As 2013 comes to a grinding end there were a few projects of interest that had selections made at the end of last week or today.
After a few weeks of deliberation, Gilbane Building Co. was chosen as the CM for the exterior remediation of Westinghouse’s headquarters building in Cranberry.
WVU announced the results for its new $11 million baseball stadium and the team of Mascaro/DLA+ Architecture/Populous scored the highest in the design/build proposals. Mascaro also hit one out of the park at the University of Pittsburgh, where their $7.3 million design/build proposal scored the highest with the Dept. of General Services for the Cathedral of Learning’s elevator modernization program.
The Butler Eagle reported late last week that Oxford Development had purchased the land that is the VA’s preferred site for its $60 million outpatient center from Westar Development. Westar was awarded the build-to-suit project late last year but was unable to get the project started. Oxford would seem to be in the driver’s seat to put the project back on track, assuming the VA agrees.
The pending election seems to be more and more of an anchor on the prospects for a more robust construction recovery in 2012. Anecdotes from peers and real estate brokers tell of business owners who need more space sitting on their wallets out of concern for how much different the business and tax landscape may appear next year. Most businesses are small around here and the owners get to pull a fair amount of profit out of them. Right now the rhetoric from the administration makes owners worry that this might be the best (last) year they can expect to be taxed at lower capital gains rates for a while.
The word from the right is that Obama has put the economy on the verge of another recession. Not very accurate but definitely not very comforting to business. The word from the administration is that the excess (their words) profits made during the past couple years of recovery need to be redistributed to those without. Again, not accurate and discomforting.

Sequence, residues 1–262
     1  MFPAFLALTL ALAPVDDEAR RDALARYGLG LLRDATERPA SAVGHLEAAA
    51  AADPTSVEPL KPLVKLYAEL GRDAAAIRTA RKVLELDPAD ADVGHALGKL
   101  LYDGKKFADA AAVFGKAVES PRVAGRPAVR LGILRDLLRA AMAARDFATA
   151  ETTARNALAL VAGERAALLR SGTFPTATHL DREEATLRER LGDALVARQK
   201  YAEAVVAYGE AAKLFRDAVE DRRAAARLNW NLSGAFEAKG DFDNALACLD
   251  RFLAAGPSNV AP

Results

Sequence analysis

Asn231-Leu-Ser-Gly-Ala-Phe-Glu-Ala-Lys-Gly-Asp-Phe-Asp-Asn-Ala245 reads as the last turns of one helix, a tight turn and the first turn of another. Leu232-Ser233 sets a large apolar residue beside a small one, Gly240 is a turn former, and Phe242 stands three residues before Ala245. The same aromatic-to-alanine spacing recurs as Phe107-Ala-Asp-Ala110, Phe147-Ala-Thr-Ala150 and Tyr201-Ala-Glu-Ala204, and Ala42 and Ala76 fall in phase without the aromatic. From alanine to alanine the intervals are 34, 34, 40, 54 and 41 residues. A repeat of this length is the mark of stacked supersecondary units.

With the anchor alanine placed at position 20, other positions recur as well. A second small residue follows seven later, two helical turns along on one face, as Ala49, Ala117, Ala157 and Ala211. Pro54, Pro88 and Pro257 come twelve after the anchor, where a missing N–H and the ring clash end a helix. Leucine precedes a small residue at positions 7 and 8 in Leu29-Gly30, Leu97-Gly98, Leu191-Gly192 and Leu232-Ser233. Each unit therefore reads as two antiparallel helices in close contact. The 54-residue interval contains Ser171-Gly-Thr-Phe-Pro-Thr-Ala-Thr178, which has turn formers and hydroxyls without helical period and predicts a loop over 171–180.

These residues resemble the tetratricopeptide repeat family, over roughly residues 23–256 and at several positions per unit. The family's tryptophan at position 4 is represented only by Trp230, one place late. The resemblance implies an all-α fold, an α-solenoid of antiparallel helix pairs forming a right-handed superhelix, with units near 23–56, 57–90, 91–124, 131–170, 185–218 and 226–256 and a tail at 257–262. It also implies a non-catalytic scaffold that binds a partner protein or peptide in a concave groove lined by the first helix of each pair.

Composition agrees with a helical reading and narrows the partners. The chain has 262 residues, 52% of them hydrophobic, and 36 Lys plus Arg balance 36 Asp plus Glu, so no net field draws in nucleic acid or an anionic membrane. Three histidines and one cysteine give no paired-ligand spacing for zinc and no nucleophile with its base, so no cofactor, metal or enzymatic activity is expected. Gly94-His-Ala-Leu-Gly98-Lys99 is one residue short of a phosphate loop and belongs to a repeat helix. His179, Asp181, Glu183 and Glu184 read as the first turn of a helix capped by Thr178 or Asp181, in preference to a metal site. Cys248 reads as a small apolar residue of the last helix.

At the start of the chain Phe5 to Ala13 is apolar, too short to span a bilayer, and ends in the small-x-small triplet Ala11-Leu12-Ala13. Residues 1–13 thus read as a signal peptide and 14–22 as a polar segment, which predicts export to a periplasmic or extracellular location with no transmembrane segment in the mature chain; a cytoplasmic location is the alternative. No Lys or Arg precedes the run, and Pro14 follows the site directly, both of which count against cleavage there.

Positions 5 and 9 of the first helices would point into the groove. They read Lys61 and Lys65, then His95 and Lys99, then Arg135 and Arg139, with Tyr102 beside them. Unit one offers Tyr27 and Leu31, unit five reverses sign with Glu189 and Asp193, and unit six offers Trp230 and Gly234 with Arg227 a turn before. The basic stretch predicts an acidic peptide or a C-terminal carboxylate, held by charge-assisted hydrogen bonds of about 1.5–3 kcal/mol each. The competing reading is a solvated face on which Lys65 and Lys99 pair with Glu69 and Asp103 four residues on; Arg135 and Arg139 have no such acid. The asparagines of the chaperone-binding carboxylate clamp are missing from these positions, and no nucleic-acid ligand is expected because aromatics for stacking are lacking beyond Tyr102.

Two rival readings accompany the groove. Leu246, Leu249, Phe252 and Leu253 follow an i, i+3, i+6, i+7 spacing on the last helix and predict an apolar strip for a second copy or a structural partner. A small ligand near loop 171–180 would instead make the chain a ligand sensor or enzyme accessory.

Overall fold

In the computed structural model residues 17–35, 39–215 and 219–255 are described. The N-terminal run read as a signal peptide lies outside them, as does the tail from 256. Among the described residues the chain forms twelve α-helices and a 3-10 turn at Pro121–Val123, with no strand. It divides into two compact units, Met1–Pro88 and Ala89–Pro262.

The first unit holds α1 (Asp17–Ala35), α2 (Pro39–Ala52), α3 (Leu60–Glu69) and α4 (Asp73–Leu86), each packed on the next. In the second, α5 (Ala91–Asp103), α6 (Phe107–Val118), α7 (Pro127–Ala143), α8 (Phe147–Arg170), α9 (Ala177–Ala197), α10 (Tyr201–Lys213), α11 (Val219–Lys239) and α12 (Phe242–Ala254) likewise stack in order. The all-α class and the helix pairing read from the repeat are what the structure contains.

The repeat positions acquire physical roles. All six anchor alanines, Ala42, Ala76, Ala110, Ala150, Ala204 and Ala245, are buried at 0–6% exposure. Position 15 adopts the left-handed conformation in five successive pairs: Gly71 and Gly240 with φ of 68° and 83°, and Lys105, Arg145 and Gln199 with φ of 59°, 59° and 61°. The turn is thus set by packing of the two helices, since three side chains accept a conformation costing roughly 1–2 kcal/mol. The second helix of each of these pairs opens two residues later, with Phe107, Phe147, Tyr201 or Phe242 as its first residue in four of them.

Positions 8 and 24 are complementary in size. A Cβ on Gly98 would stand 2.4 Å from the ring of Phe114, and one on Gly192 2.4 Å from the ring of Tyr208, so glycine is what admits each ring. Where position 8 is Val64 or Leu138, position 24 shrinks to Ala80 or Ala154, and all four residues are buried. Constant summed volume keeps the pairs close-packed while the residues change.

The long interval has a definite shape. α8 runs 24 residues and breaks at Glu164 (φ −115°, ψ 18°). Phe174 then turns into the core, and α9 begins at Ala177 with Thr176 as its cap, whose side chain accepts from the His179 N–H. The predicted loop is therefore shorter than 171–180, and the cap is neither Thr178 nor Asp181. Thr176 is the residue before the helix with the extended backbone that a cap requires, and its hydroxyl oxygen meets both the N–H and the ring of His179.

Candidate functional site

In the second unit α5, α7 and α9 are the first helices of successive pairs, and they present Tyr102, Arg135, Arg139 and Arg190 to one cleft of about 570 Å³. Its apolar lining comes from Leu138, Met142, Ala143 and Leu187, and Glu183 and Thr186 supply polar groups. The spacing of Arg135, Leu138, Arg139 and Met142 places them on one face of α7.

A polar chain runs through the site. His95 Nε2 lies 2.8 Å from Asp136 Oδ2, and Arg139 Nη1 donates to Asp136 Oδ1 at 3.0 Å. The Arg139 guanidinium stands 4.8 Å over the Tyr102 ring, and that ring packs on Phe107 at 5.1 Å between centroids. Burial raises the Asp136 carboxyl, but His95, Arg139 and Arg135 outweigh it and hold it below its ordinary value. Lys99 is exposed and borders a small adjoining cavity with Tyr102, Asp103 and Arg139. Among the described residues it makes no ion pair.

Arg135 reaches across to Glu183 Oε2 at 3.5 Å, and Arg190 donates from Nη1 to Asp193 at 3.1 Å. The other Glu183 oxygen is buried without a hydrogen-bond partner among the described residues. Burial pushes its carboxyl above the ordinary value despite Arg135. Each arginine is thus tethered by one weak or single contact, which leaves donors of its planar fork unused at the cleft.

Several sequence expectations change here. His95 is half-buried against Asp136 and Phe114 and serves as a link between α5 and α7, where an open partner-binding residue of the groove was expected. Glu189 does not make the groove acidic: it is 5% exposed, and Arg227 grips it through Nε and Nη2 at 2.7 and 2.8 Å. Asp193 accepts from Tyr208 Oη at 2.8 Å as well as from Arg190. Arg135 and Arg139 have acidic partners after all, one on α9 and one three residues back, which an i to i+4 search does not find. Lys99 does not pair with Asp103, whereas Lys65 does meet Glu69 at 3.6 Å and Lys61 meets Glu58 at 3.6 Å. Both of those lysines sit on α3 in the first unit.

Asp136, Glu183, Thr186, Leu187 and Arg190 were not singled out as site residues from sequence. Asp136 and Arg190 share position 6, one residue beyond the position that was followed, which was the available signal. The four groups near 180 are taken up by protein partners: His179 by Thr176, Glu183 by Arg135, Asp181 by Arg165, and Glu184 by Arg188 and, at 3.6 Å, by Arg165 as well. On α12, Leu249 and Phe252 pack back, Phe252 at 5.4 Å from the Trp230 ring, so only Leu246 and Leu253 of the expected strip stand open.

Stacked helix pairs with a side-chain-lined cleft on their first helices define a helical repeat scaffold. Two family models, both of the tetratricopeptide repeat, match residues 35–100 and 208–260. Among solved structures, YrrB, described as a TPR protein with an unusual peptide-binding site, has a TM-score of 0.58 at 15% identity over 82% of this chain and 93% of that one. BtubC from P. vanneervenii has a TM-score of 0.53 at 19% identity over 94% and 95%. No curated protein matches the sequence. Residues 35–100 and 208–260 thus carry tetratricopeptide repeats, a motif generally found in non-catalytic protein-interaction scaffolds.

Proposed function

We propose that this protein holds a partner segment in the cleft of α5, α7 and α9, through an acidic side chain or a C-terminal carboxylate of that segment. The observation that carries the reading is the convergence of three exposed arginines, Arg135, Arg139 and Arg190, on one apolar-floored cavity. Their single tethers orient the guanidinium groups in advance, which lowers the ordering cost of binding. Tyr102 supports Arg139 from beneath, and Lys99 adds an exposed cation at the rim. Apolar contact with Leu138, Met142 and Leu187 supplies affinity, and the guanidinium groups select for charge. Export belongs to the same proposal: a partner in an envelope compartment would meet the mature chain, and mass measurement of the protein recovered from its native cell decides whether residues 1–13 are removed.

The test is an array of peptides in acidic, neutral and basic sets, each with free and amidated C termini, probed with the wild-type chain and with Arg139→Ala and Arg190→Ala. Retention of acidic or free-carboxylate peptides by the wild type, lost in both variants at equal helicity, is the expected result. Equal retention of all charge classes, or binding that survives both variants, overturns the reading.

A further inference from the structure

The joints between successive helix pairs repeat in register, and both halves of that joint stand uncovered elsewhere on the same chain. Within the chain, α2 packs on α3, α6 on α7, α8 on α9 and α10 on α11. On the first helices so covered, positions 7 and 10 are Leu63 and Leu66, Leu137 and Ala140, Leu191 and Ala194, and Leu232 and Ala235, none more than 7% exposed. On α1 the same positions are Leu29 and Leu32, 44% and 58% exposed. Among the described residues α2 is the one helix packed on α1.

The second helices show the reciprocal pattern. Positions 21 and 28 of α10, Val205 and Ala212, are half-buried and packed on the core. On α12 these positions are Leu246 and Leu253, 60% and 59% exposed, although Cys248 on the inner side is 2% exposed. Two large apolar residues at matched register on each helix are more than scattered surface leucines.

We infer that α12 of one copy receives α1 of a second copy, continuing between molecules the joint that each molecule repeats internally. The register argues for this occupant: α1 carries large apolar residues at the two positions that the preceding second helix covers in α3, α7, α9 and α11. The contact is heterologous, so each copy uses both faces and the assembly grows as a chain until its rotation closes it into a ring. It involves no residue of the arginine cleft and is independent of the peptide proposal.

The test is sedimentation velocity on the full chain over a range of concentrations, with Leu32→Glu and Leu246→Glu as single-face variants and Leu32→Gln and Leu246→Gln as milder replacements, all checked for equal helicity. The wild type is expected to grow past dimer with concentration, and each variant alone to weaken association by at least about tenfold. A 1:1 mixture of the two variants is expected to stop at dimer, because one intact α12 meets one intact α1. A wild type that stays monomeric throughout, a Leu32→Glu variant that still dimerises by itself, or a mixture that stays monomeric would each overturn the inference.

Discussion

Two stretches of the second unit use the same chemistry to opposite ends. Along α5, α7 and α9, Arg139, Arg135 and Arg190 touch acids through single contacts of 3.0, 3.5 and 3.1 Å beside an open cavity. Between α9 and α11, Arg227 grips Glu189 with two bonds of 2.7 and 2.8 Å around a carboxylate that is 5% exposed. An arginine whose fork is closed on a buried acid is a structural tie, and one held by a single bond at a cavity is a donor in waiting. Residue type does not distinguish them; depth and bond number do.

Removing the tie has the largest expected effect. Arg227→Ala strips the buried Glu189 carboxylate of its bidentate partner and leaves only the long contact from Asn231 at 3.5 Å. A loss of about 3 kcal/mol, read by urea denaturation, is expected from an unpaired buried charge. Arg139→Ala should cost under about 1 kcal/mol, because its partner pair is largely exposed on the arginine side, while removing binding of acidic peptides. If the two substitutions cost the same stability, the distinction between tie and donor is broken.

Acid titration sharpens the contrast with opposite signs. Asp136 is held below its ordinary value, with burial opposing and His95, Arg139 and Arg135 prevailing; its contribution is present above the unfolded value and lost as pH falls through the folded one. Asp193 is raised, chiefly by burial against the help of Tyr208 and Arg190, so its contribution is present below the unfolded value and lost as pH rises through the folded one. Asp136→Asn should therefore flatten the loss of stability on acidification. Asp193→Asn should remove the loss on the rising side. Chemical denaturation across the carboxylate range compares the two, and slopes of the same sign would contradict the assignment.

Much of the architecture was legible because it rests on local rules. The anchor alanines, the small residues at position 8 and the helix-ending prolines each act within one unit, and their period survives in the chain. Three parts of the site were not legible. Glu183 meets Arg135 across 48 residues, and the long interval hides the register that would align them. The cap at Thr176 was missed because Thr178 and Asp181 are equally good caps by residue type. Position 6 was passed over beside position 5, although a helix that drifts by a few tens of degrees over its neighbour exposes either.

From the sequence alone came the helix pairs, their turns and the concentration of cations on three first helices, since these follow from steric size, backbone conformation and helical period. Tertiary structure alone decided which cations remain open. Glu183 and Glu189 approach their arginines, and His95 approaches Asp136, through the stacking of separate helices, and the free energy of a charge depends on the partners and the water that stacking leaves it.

Net result: let’s wait and see who’s standing in November. Not much of a business growth strategy but one that is gaining credence it appears.
In the midst of that uncertainty comes a couple of surprising signals. First, the leaders of the local residential realty firms are all crying about not having enough houses to sell for all the people that want them. That seems to be at odds with the accepted wisdom of an extended housing slump. I also spoke with Colliers International managing director Gregg Broujos about the recent ICSC RECON show in Las Vegas. The big retail show was packed. No official word on numbers yet but the estimates are near the 45,000 people that attended in the mid-200’s hey day. Confident retailers are positive historical indicator of construction.
Finally, Oxford Development announced plans for a new office tower today. The press conference may mostly be intended to drum up interest in the concept but Oxford has not historically been a company that made noise without something to back it up. Rumors abound that USSteel is again interested in downtown as a new HQ location or that one of the oil/gas companies could land as a lead tenant. DL Astorino and Mascaro Construction had been working on some concepts for repurposing the building at 441 Smithfield Street to create the office space but the costs and viability may not be sufficient for Oxford to follow that path, although that scope of work hasn’t been officially ruled out. A new cast of characters would likely be involved in a new mid-rise tower should the developer go that route.
Oxford’s press conference on the 24th revealed Dennis Astorino’s conceptual design and their stated preference to develop new construction at the site rather than renovating the current 441 Smithfield property. One extra advantage of the new construction option is that the new tower would be sited directly opposite the Tower at PNC Plaza on Forbes Ave. that PJ Dick is preparing to start building. The juxtaposition might finally give someone (PNC?) enough motive to buy the Warner Center and do something with it to serve the thousands of workers who will inhabit the new buildings.
Although Oxford’s Steve Guy spoke at the press conference of the direction and schedule being dictated by their success in finding a tenant, Oxford historically hasn’t been a developer that used the press to float speculative ideas. Don’t be surprised if an announcement of a lead tenant follows this summer.